New York: WHO chief Tedros Adhanom Ghebreyesus has said that once the devastating COVID-19 outbreak in India recedes, the Serum Institute of India will need to “get back on track and catch up” on its delivery commitments to COVAX, the global initiative to supply coronavirus vaccines to nations around the world.
During a daily virtual press briefing on Monday, the World Health Organisation Director-General said that the surge in COVID-19 cases around the world has compromised the global vaccine supply and there is already a shortfall of 190 million doses to COVAX by the end of June.
COVAX, “the global COVID vaccine equity scheme”, has so far delivered 65 million doses to 124 countries and economies but it is dependent on countries and manufacturers honouring their commitments.
“Once the devastating outbreak in India recedes, we also need the Serum Institute of India to get back on track and catch up on its delivery commitments to COVAX,” Ghebreyesus said.
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The UN children’s agency UNICEF said the devastating surge in coronavirus cases in India has impacted vaccine supplies to the COVAX facility.
“Among the global consequences of the situation in India, a global hub for vaccine production, is a severe reduction in vaccines available to COVAX.
“Soaring domestic demand has meant that 140 million doses intended for distribution to low- and middle-income countries through the end of May cannot be accessed by COVAX. Another 50 million doses are likely to be missed in June,” UNICEF Executive Director Henrietta Fore said in a statement.
A note to editors in the UNICEF statement said that “shortfall numbers are based on delays related to shipments from the Serum Institute of India (SII) only.” Other delays related to the original COVAX delivery schedule are expected to be made up by the end of June.
“There is currently no timetable to resolve SII-related delays”, the note said.
UNICEF said the COVAX facility will deliver its 65 millionth dose in the coming days when it should have been at least its 170 millionth.
By the time G7 leaders gather in the UK next month, and as a deadly second wave of COVID-19 will likely continue to sweep across India and many of its South Asian neighbours, the shortfall will be near 190 million doses.
The UNICEF Executive Director said in addition to vaccine nationalism, limited production capacity and lack of funding is the reason why the roll-out of COVID vaccines is so behind schedule.
While expressing concern over the surge in coronavirus cases in India, Fore said the UN has issued repeated warnings of the risks of “letting down our guard” and leaving low- and middle-income countries without equitable access to vaccines, diagnostics and therapeutics.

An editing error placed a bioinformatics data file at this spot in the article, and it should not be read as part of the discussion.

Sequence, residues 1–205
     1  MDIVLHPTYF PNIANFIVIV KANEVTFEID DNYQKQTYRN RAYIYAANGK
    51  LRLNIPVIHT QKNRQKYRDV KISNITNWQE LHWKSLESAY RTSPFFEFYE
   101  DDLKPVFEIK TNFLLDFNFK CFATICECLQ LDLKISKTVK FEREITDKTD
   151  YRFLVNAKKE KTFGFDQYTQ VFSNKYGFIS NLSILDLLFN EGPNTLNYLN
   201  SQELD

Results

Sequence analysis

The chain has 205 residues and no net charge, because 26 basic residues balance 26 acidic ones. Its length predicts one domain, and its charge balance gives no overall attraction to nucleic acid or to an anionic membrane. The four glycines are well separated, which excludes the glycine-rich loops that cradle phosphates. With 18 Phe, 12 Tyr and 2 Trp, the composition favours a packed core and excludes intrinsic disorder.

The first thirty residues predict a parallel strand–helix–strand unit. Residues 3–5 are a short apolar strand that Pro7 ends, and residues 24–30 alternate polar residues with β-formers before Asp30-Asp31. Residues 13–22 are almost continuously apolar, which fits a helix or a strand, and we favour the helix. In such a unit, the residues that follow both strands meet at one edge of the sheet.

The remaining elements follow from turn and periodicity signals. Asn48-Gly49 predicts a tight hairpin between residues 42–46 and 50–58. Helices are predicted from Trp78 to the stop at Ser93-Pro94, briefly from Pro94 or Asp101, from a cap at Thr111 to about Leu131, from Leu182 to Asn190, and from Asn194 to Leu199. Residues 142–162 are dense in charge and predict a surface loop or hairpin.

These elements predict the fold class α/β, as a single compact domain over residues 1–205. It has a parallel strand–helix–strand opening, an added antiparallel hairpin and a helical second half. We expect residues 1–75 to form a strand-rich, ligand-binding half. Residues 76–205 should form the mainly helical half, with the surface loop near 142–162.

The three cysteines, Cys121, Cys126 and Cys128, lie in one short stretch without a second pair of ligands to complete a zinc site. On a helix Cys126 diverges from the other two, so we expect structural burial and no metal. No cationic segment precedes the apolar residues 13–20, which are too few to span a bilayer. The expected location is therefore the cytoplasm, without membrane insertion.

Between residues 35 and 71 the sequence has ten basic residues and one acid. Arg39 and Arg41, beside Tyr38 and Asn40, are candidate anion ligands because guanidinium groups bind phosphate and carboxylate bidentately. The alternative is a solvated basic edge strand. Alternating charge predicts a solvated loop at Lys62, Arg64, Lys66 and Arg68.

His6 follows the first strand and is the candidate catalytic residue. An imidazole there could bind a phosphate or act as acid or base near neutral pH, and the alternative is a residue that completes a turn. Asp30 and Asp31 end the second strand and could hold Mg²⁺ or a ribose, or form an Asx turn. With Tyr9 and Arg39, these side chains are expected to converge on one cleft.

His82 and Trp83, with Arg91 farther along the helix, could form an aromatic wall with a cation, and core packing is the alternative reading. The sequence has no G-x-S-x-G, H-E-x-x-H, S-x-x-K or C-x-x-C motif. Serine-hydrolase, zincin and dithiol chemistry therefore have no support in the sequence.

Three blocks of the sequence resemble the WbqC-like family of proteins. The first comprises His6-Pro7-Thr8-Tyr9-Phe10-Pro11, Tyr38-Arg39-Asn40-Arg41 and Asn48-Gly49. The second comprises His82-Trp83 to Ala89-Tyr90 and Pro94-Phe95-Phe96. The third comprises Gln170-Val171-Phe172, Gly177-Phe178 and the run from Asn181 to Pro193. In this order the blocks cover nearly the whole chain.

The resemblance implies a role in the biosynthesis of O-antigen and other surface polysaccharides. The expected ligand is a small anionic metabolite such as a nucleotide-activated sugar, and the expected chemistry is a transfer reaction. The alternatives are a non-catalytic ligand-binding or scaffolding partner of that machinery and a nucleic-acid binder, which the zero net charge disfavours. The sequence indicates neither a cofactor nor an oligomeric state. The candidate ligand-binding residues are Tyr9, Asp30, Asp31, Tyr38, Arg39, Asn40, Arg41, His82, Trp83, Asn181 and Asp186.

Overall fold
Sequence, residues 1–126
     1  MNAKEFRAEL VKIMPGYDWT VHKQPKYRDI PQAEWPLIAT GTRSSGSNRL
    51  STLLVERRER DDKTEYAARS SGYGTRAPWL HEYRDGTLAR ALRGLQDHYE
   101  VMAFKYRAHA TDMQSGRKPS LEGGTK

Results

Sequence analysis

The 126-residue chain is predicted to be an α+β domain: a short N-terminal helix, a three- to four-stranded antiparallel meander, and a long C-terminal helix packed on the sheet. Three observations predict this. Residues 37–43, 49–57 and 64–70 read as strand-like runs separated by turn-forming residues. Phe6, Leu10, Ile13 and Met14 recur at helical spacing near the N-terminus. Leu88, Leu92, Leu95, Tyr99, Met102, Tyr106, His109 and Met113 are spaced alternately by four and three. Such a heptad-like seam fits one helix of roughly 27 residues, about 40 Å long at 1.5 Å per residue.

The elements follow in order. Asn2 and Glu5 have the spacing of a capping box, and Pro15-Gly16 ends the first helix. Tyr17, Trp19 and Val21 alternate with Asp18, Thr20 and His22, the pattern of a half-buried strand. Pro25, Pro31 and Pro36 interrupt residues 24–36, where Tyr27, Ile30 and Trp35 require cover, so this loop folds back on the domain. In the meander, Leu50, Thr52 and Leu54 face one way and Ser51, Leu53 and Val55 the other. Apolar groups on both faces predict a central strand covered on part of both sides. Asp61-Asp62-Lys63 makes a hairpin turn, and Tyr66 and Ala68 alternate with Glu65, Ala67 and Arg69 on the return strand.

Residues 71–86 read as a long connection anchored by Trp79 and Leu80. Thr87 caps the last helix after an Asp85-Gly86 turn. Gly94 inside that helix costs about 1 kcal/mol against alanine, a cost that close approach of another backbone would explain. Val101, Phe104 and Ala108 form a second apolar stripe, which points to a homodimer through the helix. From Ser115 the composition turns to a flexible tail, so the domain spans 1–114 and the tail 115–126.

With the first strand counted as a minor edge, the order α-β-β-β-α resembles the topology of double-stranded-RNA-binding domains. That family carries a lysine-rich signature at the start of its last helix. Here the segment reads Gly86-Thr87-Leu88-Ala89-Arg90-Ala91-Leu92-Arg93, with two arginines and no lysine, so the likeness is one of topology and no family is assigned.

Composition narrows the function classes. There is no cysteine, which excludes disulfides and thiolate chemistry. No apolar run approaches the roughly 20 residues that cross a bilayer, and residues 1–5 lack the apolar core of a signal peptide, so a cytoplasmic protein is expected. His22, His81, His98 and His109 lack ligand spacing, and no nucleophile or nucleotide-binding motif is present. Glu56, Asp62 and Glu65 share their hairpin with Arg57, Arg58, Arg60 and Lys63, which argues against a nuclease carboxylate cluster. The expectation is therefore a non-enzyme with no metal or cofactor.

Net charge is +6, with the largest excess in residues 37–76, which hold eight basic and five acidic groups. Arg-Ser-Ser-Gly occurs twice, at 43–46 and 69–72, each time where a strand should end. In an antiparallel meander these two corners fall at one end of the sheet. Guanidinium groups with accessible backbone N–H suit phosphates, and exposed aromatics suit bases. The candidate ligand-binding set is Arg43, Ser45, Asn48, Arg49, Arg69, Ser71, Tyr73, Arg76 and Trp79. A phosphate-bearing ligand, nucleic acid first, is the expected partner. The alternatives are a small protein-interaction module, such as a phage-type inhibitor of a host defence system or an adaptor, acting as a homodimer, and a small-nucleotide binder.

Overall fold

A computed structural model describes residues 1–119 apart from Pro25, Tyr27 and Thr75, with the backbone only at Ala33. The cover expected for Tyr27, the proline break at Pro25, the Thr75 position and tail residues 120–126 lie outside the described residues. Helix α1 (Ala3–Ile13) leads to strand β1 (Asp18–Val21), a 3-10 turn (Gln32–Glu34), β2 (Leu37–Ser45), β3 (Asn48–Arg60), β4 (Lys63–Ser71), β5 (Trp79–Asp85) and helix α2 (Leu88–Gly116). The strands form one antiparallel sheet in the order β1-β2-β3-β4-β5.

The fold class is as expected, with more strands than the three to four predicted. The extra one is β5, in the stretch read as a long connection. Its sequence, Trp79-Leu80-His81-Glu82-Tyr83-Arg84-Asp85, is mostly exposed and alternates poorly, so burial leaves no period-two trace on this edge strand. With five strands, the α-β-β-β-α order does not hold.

“We are concerned that the deadly spike in India is a precursor to what will happen if those warnings remain unheeded. While the situation in India is tragic, it is not unique.
“Cases are exploding and health systems are struggling in countries near – like Nepal, Sri Lanka and Maldives – and far, like Argentina and Brazil,” Fore said, warning that the cost for children and families will be incalculable.
“The longer the virus continues to spread unchecked, the higher the risk of more deadly or contagious variants emerging,” she said, adding that the clearest pathway out of this pandemic is a global, equitable distribution of vaccines, diagnostics and therapeutics.
While COVAX — led by the WHO, Vaccine Alliance Gavi and Coalition for Epidemic Preparedness Innovations with UNICEF as implementing partner — represents such a pathway, Fore voiced her concern that COVAX is undersupplied.
Earlier this month, SII CEO Adar Poonawalla said it was not possible to ramp up production overnight since vaccine manufacturing is a specialised process. The SII has received total orders of over 26 crore doses from the Government of India, of which more than 15 crore doses have been supplied.
In a tweet last week, Poonawalla said that the SII is doing “our best to ramp up production & launch new vaccines on priority for India.”
Fore cited new data analysis provided by life sciences research facility Airfinity that indicates that G7 nations and ‘Team Europe’ group of European Union Member States could donate around 153 million vaccine doses if they shared just 20 per cent of their available supply over June, July and August.
The WHO chief said Pfizer has committed to providing 40 million doses of vaccines with COVAX this year, but the majority of these would be in the second half of 2021.
Moderna also has signed a deal for 500 million doses with COVAX, but the majority has been promised only for 2022.
As per the pact which included funding to support manufacturing increase, the SII is contracted to provide COVAX with the SII-licensed and manufactured AstraZeneca (AZ)-Oxford vaccine (known as COVISHIELD) to 64 lower-income economies participating in the Gavi COVAX AMC (including India), alongside its commitments to the Government of India, the WHO had said.
Last year, it was announced that the collaboration among SII, Gavi and the Gates Foundation would accelerate manufacturing and delivery of up to an additional 100 million doses of future vaccines for low- and middle-income countries in 2021.
India’s COVID-19 death toll on Tuesday climbed to 2,78,719 with a record 4,329 fresh fatalities, while the single day rise in cases stood at 2.63 lakh, the lowest in 28 days, according to the Union Health Ministry data.